Critics loved A Shot in the Dark and Sellers' comic inventiveness. "Blake Edwards and William Peter Blatty have fashioned an out-and-out farce that puts no tax at all on the mentality but just plunges from gag to gag," wrote Bosley Crowther in the New York Times. "And they have got Mr. Sellers to plunge with it in the joyously free and facile way that he has so carefully developed as his own special comedy technique....It is mad, but the wonderful dexterity and the air of perpetually buttressed dignity with which Mr. Sellers plays his role make what would quickly be monotonous enjoyable to the end." Time magazine agreed. "Even though the inspector occasionally palls...most customers will have reinforced a general conviction and a popular hope: that Peter Sellers is one of the funniest men alive and that the dear fellow will please get well quick." Sellers had suffered a near-fatal heart attack soon after completing A Shot in the Dark. It would be the first of several attacks, one of which ultimately killed him in 1980. At the time of his death, Sellers was 54 years old, and he and Edwards were preparing another Clouseau film, The Romance of the Pink Panther.
Producer: Blake Edwards
Director: Blake Edwards
Screenplay: Blake Edwards, William Peter Blatty, based on the play L'Idiot by Marcel Achard & Harry Kurnitz
Cinematography: Christopher Challis
Production Design: Michael Stringer
Music: Henry Mancini
Film Editing: Bert Bates, Ralph E. Winters
Cast: Peter Sellers (Jacques Clouseau), Elke Sommer (Maria Gambrelli), George Sanders (Benjamin Ballon), Herbert Lom (Charles Dreyfus), Tracy Reed (Dominique Ballon).
C-103m. Letterboxed. Closed Captioning.
by Margarita Landazuri
A Shot in the Dark
You can have one of my cigarettes.- Maria Gambrelli
Oh, thank you.- Inspector Jacques Clouseau
You have it in backwards.- Maria Gambrelli
Oh... it tastes very bad that way.- Inspector Jacques Clouseau
Facts, Hercule, facts! Nothing matters but the facts. Without them the science of criminal investigation is nothing more than a guessing game.- Inspector Jacques Clouseau
You are forgetting the most important fact: motive.- Inspector Jacques Clouseau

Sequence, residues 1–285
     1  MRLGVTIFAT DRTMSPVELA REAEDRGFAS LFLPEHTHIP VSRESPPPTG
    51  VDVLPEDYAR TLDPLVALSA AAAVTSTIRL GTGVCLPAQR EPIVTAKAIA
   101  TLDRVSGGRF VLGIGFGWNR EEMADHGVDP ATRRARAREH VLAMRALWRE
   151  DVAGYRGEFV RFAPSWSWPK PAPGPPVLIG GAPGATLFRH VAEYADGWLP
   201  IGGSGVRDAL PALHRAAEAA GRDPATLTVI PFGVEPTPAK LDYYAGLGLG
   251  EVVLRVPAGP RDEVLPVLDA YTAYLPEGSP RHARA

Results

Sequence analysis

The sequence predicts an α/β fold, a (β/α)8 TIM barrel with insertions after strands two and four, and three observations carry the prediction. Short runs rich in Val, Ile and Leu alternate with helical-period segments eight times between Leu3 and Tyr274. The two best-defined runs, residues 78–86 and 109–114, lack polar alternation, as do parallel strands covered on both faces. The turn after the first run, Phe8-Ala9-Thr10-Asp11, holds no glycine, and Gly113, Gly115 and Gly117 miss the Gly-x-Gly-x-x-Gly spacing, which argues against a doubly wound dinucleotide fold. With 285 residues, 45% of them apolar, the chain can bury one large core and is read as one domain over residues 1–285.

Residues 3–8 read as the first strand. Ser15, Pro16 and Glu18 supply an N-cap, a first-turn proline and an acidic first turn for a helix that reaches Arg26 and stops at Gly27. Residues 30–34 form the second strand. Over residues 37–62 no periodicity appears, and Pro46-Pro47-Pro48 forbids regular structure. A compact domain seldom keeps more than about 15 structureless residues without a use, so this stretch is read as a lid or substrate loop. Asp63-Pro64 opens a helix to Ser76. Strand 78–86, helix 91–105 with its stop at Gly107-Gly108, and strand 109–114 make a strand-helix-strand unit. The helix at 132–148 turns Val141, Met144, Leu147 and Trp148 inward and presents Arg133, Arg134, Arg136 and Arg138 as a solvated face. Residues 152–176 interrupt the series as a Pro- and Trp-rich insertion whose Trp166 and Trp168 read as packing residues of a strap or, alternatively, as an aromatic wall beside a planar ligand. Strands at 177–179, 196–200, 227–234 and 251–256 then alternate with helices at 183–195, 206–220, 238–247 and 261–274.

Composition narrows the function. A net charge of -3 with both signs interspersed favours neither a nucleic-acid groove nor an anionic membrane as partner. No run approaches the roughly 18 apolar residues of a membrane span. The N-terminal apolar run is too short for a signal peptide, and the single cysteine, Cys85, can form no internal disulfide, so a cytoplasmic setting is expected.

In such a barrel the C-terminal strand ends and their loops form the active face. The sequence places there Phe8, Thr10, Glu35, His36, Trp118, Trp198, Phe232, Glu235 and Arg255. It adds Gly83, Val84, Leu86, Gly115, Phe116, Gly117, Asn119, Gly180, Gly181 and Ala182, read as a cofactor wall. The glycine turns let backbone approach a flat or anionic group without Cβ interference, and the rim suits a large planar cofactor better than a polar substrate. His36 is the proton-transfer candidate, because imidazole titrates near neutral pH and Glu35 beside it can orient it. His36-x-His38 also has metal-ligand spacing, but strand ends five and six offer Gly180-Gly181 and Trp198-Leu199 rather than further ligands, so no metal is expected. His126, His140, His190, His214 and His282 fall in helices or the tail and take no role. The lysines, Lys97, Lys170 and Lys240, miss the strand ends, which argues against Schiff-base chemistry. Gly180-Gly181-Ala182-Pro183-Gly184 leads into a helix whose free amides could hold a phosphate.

He beat her.- Hercule LaJoy
He was Spanish!- Inspector Jacques Clouseau
He tore her dress off.- Hercule LaJoy
Oh, don't be ridiculous. Would you kill someone who tore your dress off?- Inspector Jacques Clouseau
Tell me, why do so many men smoke afterwards? No wonder tobacco companies get rich.- Maria Gambrelli
Clouseau's servant is Kato in the cast list of this movie, but Cato in the sequels.
All the crimes involve members of the Ballon household. "Ballon" is French for "balloon". And at one point Clouseau disguises himself as a balloon-seller.
The character of Maria Gambrelli first appears in this film and was played by Elke Sommer. The character resurfaced in Son of the Pink Panther (1993), played this time by 'Cardinale, Claudia' , who played Princess Dala in the original Pink Panther (1964).
This film was originally meant to have been an adaptation of the stage play by Harry Kurnitz. Walter Matthau and Peter Sellers were to have been the detectives, but Sellers did not like how things were going and wanted out. United Artists brought in Blake Edwards to keep Sellers on the project. Edwards looked at the script and thought that it might be better suited to the character of Inspector Jacques Clouseau, and rewrote the entire script with a young William Peter Blatty. It was released only three months after the original _Pink Panther (1964)_ .
None of the characters in the Harry Kurnitz stage play appears in the film.
Locations filmed in Paris. Released in Great Britain in 1965.
Released in United States 1995
Released in United States May 2002
Released in United States Summer June 23, 1964
Shown at the Museum of Modern Art (Screen Plays: From Broadway to Hollywood, 1920-1966) in New York City on October 15 and October 17, 1995.
Shown at Tribeca Film Festival May 8-12, 2002.
Project was originally begun by Anatole Litvak under the title "The Third Dimension."
Second film in the "Inspector Clouseau" series.
Released in United States May 2002 (Shown at Tribeca Film Festival May 8-12, 2002.)
Released in United States Summer June 23, 1964
Released in United States 1995 (Shown at the Museum of Modern Art (Screen Plays: From Broadway to Hollywood, 1920-1966) in New York City on October 15 and October 17, 1995.)